Me and Darrel

One of my best finds ever was the Jones NY Dress. I love this picture, but I know it doesn’t show off the dress very well. I promise it is one of the most flattering, lovely things in my closet! This exact dress is not on their website, but I found one that is comparable in material and detail for $129.00. I bought mine for $8.50. SAVINGS $120.50.

Now, some tips. 

  • Learn to recognize labels. There’s no sense in buying something with a “White Stag” or “Merona” label on it at a thrift store; those are Wal-mart and Target brands, and you can easily buy brand new versions of the item for almost the same price. Look for expensive brands, or boutique labels for things you would normally have to pay a lot of money for.
  • Inspect the item carefully. Once you’ve tried it on and decided it looks good, take it off and inspect it on both the inside and outside of the garment. Make sure there aren’t any un-fixable holes or tears in the fabric, and check for any stains before you walk off. None of those things is necessarily a deal breaker, but you need to know whether it is something you could easily fix or not before you buy.
  • Think “ReFashionista. You may not be much of a seamstress, but you may know one! Figure out your skill level, and/or figure out how much your seamstress charges for alterations. You may find a skirt made out of some gorgeous material that is just too big, or a dress that is dated that could easily be made into a skirt.
  • Head for the toy aisle first. If you’re shopping with munchkins, they are simply not going to have the patience to wait while you sort through racks and racks of clothing. In my experience, heading to the toy aisle, letting the kids pick out a toy they want to play with, and letting them carry it with them while they stay near me as I dig helps extend the length of my thrift store shopping excursions! They don’t always get to take the toy home with them, but they get to play with it while in the store.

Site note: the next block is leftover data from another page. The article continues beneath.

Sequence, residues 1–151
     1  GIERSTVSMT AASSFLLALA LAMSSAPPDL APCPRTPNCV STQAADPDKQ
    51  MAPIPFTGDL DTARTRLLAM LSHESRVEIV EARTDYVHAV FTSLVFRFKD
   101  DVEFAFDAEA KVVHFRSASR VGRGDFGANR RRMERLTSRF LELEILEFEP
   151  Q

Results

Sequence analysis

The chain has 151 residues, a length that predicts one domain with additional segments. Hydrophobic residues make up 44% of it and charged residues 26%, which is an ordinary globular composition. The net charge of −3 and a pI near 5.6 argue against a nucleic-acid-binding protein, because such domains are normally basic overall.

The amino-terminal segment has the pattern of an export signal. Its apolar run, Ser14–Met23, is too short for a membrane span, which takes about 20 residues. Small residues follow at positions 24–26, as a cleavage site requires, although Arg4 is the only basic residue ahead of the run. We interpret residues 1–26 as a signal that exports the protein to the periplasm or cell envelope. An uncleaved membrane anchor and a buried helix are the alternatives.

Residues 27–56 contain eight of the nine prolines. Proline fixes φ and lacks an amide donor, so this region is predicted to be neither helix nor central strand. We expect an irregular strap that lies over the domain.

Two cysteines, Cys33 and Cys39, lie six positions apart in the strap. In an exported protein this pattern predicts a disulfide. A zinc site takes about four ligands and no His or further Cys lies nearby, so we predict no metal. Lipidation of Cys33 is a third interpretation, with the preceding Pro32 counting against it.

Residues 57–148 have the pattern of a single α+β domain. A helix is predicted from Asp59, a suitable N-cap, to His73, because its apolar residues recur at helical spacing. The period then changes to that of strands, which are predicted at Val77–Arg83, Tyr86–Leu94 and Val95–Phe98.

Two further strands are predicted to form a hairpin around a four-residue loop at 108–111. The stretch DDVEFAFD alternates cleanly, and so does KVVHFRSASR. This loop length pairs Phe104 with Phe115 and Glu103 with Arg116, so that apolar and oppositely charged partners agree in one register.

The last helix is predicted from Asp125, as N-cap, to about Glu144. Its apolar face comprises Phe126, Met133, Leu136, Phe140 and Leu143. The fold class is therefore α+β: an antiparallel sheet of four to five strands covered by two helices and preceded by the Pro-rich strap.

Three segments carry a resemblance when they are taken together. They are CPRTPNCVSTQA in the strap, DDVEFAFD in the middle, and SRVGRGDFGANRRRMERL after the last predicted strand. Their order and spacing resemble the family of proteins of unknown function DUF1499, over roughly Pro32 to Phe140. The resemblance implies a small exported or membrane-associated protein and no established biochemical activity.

• Let go of your self-image. You may typically wear a size 8. At a thrift store, you may buy items that range from size 4 to size 12. Some things won’t have size labels at all; either they’ve fallen out or the item was handmade to begin with. So be brave and take it all to the dressing room. You never know what’s going to look right on you and at a thrift store you can’t go strictly by the number on the tag.
  • Talk to the employees. Find out what days they typically get new merchandise in, and find out if there are any days they run discounts or specials. May as well get 10% off your $2.50 item, right?

If you’ve never ventured into thrift store territory, be brave – and be prepared to be surprised! It’s a great way to build a very expensive, gorgeous wardrobe for pennies on the dollar.

What’s your best thrift store find?

Tagged , . Bookmark the permalink.

Comments are love! Tell me what you're thinking!